Reading the signs

The other day I was at the park with just Luke.  He enjoys his time alone with Mom as do I; we were sauntering around the park smelling the roses when across the park I spotted a woman coming my way.  She had with her a very large Akita.  As you know I love all dogs but I also know that some Akitas are fairly dog aggressive; so as she continued my way I was trying to make it clear that I was heading away.  Funny how some humans can be so lacking in sign reading.  I was very obviously moving away from her and her dog but she kept coming.  I finally had to make direct eye contact with her and then turn away in the opposite direction walking abruptly.  She got it.

Then I watched the woman and her dog turn and walk towards another person with dogs.  The guy was walking two pit mixes who were either over excited or not so dog friendly themselves.  As the woman got closer she yelled out to the guy asking if his dogs were friendly.  When someone pauses and then says "sometimes, er usually," that means no.  I could see it all unfolding before my eyes; it was going to get crazy in just a few more steps from the woman with the Akita.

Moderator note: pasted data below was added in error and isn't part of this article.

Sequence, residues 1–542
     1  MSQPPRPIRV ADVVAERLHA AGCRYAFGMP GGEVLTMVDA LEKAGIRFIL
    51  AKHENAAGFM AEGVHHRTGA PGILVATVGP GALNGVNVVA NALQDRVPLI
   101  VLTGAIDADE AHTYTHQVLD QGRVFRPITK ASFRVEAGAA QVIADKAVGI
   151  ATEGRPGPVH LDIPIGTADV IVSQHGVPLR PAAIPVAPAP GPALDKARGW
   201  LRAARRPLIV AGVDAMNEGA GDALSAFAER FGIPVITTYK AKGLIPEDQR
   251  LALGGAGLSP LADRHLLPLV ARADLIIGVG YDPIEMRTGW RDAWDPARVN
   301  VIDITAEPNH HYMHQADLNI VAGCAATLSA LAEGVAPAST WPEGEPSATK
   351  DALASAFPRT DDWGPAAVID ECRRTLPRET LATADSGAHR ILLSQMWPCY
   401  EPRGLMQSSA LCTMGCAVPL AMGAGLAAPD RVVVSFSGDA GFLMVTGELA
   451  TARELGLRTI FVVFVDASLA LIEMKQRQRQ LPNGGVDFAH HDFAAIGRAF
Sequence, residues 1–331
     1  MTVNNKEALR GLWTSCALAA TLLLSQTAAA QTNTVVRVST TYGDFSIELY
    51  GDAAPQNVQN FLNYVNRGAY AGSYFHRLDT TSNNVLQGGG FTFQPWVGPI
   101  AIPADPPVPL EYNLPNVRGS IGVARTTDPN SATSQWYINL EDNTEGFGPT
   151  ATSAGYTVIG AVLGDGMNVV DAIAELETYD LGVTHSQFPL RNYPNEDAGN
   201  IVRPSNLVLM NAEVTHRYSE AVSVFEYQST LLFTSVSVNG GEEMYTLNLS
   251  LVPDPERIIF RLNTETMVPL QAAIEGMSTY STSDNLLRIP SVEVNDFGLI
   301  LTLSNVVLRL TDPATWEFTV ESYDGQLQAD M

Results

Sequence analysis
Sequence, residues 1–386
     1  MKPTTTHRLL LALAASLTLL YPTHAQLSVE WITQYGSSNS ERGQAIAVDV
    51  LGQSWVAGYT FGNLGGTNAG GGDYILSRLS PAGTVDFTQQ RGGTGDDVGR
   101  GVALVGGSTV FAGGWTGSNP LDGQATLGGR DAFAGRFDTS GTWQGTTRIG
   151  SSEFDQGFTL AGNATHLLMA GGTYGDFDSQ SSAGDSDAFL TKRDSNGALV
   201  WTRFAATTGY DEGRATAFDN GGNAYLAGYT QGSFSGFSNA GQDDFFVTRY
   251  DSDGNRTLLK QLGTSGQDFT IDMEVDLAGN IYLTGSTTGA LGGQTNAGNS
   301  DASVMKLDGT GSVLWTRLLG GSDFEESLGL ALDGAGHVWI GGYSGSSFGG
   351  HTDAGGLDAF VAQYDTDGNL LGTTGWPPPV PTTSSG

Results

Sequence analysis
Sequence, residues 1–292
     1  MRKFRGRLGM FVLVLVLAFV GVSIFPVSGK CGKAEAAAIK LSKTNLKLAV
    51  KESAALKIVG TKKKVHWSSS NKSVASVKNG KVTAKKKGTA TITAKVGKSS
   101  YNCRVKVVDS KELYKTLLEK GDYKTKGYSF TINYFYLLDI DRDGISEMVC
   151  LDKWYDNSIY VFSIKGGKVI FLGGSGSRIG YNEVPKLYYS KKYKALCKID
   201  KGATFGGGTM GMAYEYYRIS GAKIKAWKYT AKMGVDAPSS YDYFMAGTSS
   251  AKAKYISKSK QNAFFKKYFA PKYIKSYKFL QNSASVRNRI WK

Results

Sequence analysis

I turned away just for a moment and then I heard it; lots of growling and challenging.  The man held onto his dogs tightly as they hit the end of their leash and the woman tried to calm her Akita.  This was clearly going to be the outcome of the interaction; the man knew it, he just hadn't wanted to voice it in public.  The woman also knew but was trying hard for this not to be how her dog reacts.  The woman could not read the signals of the other dogs; this is something that everyone with dogs should become knowledgeable about.

When I approach a person with a dog; I often veer off of the path and simply move out of the way.  I know Luke very well and know who he will and will not get along with.  It has much to do with the other dogs body language and even though some dogs are very friendly, they can give off the wrong body language because of circumstance.  Leash, proximity to owner and tension etc all play a part in the greeting of strange dogs.  If I ever think that perhaps this greeting is not going to turn out well; I will err on the side of safety and forego the greeting.

As I always say; "quit while you are ahead."